The Rise and Fall, Fall, Fall of Firefall
That jarring juxtaposition of trying to create a normal, logical game from this point forward, and the existence of legacy players and designs appears to be the hallmark of the current state of Firefall. It seems like there’s two different ages of the game going on here at the same time. One is the legacy game with all of it’s original promises and conceits like the terrain, the battleframes, the Melding, and the Chosen, and the other is trying to correct the mistakes that had been made throughout the years in some of the mechanics and presentation. It’s like building a skyscraper around an ancient cathedral, where the mandate is to not wreck the beautiful work that’s already been done, but which also needs to upgrade the space for the modern era. These two states are co-existing, but are not always complimentary, and sometimes unintended consequences arise like missing voice overs and strange camera glitches that should have been (and were) fixed years ago, in addition to a number of bugs that are simply unavoidable in software development.
Red 5 has a deal to bring Firefall to China, and as always I hope it pans out for them in many ways. I still really like the game, and had played for a few hours this weekend. I really enjoyed the new mission arc that I’ve been plowing through, even though I’m way overpowered for it (they now have a zone down-level feature, although you still get to use your up-leveled arms and armors). But every now and then I ran into some baffling situations that were so incongruous that they couldn’t be anything other than bugs. This is taking its toll on the existing community, as you’d expect. I watched one player scream at a community manager in general chat about the litany of sins that Red 5 had committed with this game’s muddled mission-statement and the company’s attitude towards the player-base over the years, and while I certainly would never condone the kind of behavior that player was displaying (double especially when directed at someone who has no decision making power and whose job it is to willfully interface with the community), I can appreciate that his frustration was the end result of years of apparent indecision and bad management of a game which really has a whole lot of potential, even to this day. It seems that for every step forward that Firefall makes, it always manages to fall back on it’s ass somehow.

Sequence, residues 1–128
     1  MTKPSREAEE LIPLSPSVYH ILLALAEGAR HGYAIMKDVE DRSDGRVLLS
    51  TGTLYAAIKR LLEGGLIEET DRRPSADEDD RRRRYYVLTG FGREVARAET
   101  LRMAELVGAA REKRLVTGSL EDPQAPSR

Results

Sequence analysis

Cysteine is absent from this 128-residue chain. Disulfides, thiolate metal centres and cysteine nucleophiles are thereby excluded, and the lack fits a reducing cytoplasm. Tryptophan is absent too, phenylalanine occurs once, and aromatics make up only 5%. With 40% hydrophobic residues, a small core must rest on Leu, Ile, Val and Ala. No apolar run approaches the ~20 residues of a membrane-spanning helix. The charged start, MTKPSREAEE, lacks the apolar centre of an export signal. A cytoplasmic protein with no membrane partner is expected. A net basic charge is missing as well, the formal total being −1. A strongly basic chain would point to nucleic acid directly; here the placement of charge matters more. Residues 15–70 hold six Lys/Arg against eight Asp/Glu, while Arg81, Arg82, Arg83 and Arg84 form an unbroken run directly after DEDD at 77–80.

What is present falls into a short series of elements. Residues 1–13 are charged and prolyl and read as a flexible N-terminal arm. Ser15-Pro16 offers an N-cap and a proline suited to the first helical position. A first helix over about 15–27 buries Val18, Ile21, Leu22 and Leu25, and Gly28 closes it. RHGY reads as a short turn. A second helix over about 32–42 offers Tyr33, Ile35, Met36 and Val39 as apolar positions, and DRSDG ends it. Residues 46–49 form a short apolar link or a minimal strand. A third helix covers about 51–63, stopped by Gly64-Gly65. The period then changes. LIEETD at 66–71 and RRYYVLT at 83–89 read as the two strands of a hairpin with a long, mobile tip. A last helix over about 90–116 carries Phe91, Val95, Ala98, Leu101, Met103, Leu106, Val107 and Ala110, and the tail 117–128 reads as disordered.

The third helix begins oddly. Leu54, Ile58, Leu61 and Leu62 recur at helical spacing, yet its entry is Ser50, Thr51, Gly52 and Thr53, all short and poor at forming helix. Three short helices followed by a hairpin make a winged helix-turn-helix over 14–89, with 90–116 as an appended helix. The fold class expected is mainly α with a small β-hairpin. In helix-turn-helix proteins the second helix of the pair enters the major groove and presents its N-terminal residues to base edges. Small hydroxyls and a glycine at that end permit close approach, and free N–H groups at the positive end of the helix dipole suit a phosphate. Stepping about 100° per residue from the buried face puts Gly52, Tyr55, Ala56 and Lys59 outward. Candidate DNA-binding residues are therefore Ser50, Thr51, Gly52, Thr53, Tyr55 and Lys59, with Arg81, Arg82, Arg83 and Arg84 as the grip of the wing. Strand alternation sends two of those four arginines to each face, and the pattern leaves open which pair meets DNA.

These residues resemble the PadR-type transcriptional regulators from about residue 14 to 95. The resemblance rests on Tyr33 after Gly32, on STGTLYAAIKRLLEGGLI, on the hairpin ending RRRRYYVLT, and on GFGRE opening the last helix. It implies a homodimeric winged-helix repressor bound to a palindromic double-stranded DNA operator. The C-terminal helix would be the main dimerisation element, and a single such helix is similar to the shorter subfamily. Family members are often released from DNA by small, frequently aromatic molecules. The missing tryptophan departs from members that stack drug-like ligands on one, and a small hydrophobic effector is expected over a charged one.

There’s not too many games like Firefall out there or planned at the moment from what I can tell, and I think we’d be poorer for not having it around. Had it all gone swimmingly from day one, I think Firefall would be a game that people would be talking about in positive tones as something special that stands out as a welcome hybrid among the fantasy MMOs and testosterone-laced military shooters. It has an interesting story, great community-goal mechanics, and a solid feel to it’s gameplay. Everything wrong with the game doesn’t seem to be with the game directly, but with the decisions and the directions made about the game and their implementation, and I’m worried that it’s gotten itself so tied up in knots at this point that it won’t be able to un-knot itself to realize it’s potential. At any rate, it’s damaged goods in the eyes of many gamers, and if history is any indication, there’s no way even the best case scenario could redeem it going forward. That’s why I hope it does well in China, that it brings in new money, and allows the game to get itself back on the track that I think the game deserves.